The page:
World Insights: What lurks behind U.S.-advocated "color revolutions?"

Source: Xinhua| 2021-12-16 14:34:23|Editor: huaxia

by Xinhua writer Zhang Yisheng

BEIJING, Dec. 16 (Xinhua) -- Uprisings in the name of "democracy" and "freedom" engineered and backed by the United States erupted in Eastern Europe, Central Asia and the Middle East over the past years.

The revolts bore fragrant-sounding names, such as the "Rose Revolution" in Georgia, the "Orange Revolution" in Ukraine, the "Tulip Revolution" in Kyrgyzstan and the "Jasmine Revolution" in Tunisia, seemed to bode well for their respective futures.

Over the past 10-plus years, their hope for U.S.-style democracy by way of the so-called "color revolution" has been relentlessly dashed: the once-promising outlook has degenerated into a bitter reality featuring frequent conflicts, shattered economy and unutterable suffering.


Tumi Rades, a clerk at a bank in Tunisia where the Arab Spring began, said he was "jubilant" when the rebellion swept across the country in 2010 and was once under the illusion that "the country would embrace democracy and prosperity."

"What happened later was totally different from what I had thought," said Rades. "The movement brought about the one-person-one-vote election, but the situation became chaotic and worse off."

"In the past 10 years," he said, "Tunisia has witnessed 11 prime ministers and hundreds of ministers. The government has been changing like a revolving lantern, working inefficiently with widespread corruption. The social order has deteriorated, and the income level of the people has plummeted."

Rades' sense of loss and disillusionment has touched a chord with people in other countries once embracing "color revolutions".

During "the Rose Revolution" in Georgia in 2003, opposition leader Mikheil Saakashvili promised to build a real "democratic society," eliminate corruption and revive the economy, said Georgian political scholar Zaal Anjaparidze.

The country's political parties, relying on the support of the United States, came to power under the banner of reform and anti-corruption, and yet they were engaged in new corruption, and dissidents were suppressed, and freedom of speech was strictly restricted, Anjaparidze said.

"Georgians have awoken from the illusion about the revolt," Anjaparidze said.


As a result of a series of the "color revolutions," millions of people were displaced and became refugees, and a growing number of people have been living in poverty.

Mahmoud Al-Mazoughi would have completed his education in Britain and become a well-paid engineer, had Libya not descended into civil war in 2011.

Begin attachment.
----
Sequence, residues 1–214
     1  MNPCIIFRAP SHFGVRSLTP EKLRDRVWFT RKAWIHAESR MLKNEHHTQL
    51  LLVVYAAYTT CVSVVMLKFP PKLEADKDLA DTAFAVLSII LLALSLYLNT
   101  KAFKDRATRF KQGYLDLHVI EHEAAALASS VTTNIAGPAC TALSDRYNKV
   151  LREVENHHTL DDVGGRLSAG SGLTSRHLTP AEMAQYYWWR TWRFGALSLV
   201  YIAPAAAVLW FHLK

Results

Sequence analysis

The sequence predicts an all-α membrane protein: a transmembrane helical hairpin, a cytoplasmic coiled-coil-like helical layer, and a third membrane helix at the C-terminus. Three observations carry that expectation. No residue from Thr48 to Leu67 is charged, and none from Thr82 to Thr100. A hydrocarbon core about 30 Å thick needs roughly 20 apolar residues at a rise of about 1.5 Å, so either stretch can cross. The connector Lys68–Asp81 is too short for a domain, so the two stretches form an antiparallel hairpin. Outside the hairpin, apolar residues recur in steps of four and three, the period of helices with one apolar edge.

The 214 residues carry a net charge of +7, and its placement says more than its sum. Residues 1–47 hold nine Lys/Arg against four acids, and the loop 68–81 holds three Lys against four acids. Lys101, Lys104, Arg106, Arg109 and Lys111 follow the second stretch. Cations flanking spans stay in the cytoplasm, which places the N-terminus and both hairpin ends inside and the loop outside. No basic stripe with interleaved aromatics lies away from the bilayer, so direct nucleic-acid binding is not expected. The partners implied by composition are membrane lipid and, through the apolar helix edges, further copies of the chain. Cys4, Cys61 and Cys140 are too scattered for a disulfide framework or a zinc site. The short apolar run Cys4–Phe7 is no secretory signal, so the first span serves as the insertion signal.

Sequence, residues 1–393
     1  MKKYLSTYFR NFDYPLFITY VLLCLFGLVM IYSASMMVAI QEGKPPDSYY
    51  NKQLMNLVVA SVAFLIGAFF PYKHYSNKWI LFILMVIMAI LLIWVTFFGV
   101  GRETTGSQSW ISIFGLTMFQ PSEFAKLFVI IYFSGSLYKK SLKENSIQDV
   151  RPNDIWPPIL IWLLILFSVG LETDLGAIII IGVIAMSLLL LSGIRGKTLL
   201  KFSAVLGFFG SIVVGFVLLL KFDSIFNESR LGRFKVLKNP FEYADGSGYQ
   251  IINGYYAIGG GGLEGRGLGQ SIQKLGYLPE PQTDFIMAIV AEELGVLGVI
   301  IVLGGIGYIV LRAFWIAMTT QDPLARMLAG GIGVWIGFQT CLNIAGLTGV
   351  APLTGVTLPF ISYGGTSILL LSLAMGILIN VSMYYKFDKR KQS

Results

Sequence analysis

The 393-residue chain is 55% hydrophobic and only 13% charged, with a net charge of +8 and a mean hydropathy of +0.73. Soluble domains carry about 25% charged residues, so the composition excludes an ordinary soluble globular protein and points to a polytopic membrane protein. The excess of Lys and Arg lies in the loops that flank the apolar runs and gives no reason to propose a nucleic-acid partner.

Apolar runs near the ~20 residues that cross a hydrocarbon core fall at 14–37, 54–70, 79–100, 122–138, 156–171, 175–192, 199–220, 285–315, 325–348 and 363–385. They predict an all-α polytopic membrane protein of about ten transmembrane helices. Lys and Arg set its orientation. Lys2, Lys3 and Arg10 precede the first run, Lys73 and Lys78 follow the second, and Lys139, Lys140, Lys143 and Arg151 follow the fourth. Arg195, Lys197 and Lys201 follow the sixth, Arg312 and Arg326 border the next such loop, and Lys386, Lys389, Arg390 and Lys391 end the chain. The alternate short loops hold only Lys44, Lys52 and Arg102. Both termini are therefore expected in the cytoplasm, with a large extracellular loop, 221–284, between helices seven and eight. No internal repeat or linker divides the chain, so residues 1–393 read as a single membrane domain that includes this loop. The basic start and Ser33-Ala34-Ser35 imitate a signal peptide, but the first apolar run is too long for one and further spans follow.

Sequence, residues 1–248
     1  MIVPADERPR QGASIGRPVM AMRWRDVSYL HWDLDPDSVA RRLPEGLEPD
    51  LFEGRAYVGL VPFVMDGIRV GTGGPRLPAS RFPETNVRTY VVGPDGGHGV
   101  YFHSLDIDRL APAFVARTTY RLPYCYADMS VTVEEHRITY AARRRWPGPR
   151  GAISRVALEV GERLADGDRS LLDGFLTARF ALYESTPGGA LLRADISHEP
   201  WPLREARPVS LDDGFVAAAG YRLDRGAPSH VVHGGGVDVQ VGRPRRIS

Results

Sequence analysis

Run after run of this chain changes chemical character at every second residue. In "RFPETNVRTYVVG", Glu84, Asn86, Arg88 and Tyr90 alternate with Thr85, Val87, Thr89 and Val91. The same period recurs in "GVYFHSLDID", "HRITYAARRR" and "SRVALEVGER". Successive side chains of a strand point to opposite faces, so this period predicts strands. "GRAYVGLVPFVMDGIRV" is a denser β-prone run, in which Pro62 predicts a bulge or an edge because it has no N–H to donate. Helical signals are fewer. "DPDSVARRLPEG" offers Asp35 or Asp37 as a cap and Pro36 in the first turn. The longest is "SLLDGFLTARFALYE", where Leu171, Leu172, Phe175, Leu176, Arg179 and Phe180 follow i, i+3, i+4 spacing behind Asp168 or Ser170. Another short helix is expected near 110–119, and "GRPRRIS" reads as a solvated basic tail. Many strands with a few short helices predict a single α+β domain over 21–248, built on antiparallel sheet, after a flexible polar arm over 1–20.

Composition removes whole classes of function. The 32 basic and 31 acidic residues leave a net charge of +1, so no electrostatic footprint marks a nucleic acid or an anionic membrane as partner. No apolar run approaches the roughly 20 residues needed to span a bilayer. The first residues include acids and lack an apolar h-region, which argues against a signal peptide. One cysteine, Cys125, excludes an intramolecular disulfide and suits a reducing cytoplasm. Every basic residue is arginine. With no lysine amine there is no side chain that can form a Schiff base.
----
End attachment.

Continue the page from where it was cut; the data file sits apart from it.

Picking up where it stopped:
But now the 38-year-old Libyan has to save money by teaching at a private school in hope of studying abroad one day.

The North African country has been ripped apart by violence since the fall of former leader Muammar Gaddafi in 2011 in the aftermath of Western intervention.

Al-Mazoughi said he was denied a scholarship to study in Britain as his father had worked for the Gaddafi administration.

"For more than a decade, Libya has had no unified political authority, and armed conflicts have persisted. Our country has become a victim of external forces competing for interests," said Al-Mazoughi.

Al-Mazoughi said his personal life and the country's fate both were forcibly changed by the "color revolution."

The life of Hadi Ghusoun, a Syrian in his late 60s, was even bleaker.

Before the Syrian crisis broke out in 2011, Hadi lived a decent life with his wife and daughter in the central city of Homs. As the anti-government protests whipped up by the United States and other countries turned into protracted armed conflicts, Hadi's family was forced to flee.

It was not until 2014 when Syrian government forces regained the central city of Homs that Hadi's family managed to return to their hometown.

Hadi said his hometown changed beyond recognition, and "the so-called revolution has left my hometown in ruins."


Azza Radwan Sedky, an Egyptian-born Canadian who was in Egypt in 2011 when protesters occupied Tahrir Square in Cairo, wrote down her experience in her book, titled "Cairo Rewind: The first two years of Egypt's Revolution 2011-2013."

"This book shows people how the so-called democratic process can undermine the stability of a country and the rights of its citizens," a reader wrote in the comment section of an online bookstore.

Li Shenming, former vice president of the Chinese Academy of Social Sciences, said the "color revolutions" target not only the countries and regions where the capital monopoly interests of some Western countries, led by the United States, are located, but also the places that oppose the Western capital powers.

The United States and other countries have used the "color revolution" to carry out illegal subversive activities in an attempt to cultivate a pro-Western and pro-U.S. government, which is not a revolution in the true sense, said Li. Enditem

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